Our program at Black Hawk College, Art & Visual Communication, recently received the devastating news that two of our four full-time faculty positions will be cut. Kyle Petersen teaches new media and had just created a photography certificate unique to the western-Illinois region. Melissa Hebert-Johnson teaches full sections of art history every semester and several innovative online sections of art history and art appreciation. She is also department chair. Both faculty are hailed by our students as not only great teachers, but as having strong, positive impact on their lives in general. The justification that has been given is that a consultant recommended dismantling our AAS in Visual Communication and the Art Technology one-year certificate. We have not been granted access to this report.
As a small program in a community college, we open the door to many who might not otherwise have the opportunity to study art. Our program has a strong foundation in basic design principles and skills that can be applied by those pursuing a degree in fine arts. The majority of our students couple that with computer technology in order to pursue careers related to graphic design, Web graphics, animation, digital photography, and video – skills learned through the AAS and Certificate programs. We have many students who come to us to retrain after a job loss, or to upgrade their skills for a current position. We have always been committed to providing a quality education for students from all walks of life. To view some student work, visit our blog: BHCArt.com.
What disappoints us most is that the opportunity for affordable training and education will be denied to so many in our community. We have several military students and veterans who are in the AAS and Certificate programs on the G.I. Bill. We have single parents working to provide for their families and modeling for their children that a college degree is attainable. Our students leave BHC ready for entry-level graphic-design or photography work, or BA, BFA, or MFA programs. They develop strong portfolios that lead to multiple scholarship offers from colleges and universities. Our students are then able to transfer to institutions that they otherwise would not be able to afford.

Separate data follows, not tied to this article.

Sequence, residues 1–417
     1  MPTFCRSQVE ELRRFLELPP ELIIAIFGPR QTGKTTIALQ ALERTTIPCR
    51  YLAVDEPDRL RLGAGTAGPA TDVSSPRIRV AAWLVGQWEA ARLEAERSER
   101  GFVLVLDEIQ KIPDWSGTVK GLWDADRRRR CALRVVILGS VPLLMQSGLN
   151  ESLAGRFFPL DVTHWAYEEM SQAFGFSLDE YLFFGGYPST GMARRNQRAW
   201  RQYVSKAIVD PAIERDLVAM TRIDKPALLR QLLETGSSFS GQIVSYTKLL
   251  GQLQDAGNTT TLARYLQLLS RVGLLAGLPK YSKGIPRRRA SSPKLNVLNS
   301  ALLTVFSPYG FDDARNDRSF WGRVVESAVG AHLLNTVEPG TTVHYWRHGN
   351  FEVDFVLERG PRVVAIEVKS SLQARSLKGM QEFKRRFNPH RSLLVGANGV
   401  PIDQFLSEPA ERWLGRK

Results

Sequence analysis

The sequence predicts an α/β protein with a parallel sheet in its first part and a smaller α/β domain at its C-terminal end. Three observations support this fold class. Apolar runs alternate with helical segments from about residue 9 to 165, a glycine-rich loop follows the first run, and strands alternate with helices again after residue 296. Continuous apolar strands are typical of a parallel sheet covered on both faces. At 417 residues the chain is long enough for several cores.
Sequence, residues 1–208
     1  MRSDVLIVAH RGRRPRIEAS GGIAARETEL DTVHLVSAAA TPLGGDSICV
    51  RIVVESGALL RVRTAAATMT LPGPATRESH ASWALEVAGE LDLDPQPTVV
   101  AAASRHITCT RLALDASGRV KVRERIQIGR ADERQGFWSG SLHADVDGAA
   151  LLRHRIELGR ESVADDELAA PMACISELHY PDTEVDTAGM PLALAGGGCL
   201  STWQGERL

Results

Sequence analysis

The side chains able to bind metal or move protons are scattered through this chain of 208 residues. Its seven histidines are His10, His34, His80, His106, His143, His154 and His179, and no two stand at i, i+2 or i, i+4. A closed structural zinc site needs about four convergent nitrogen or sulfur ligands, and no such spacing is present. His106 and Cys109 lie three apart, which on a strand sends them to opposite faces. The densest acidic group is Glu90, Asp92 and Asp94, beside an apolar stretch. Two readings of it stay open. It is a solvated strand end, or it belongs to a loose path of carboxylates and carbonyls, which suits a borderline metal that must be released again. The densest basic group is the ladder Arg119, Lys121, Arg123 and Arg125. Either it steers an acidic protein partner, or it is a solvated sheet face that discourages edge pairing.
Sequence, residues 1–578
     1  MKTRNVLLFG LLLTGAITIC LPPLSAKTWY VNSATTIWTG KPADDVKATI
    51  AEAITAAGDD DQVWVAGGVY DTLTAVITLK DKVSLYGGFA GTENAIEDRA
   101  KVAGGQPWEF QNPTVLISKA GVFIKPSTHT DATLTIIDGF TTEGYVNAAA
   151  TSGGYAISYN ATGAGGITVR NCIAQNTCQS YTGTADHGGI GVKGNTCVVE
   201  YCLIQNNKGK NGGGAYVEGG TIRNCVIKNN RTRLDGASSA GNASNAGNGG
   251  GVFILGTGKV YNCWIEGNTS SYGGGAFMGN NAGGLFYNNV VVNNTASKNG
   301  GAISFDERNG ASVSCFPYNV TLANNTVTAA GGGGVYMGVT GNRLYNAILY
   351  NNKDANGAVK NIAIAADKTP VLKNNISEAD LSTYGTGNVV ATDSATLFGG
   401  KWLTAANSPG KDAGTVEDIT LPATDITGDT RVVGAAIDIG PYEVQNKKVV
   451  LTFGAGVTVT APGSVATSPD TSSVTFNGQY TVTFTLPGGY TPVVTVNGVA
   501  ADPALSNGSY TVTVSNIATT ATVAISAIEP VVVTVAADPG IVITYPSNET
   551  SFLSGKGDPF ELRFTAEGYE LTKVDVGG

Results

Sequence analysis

Not to brag (well, maybe a little), but our students who transfer often report back to us with pride that they are among the best-prepared of their upper-division classmates. And though it sounds so, it is not an exaggeration to say we have saved lives in this department. Students who have no other creative outlet come to their BHC art classes to be built up while the rest of the world tries to tear them down.
Our students have begun a petition on Change.org protesting these planned cuts. To date, there are 763 signatures. We are reaching out to alumni, employers, artists, and you to share your stories about the impact of our program and its potential loss. On Thursday, February 23, the Board of Trustees will decide the fate of these faculty and our programs. We encourage you, if you are so inclined, to write a letter of support to BHC board members or to attend the February 23 meeting.
As our students like to say, “Art matters.”
Art & Visual Communication Faculty Members: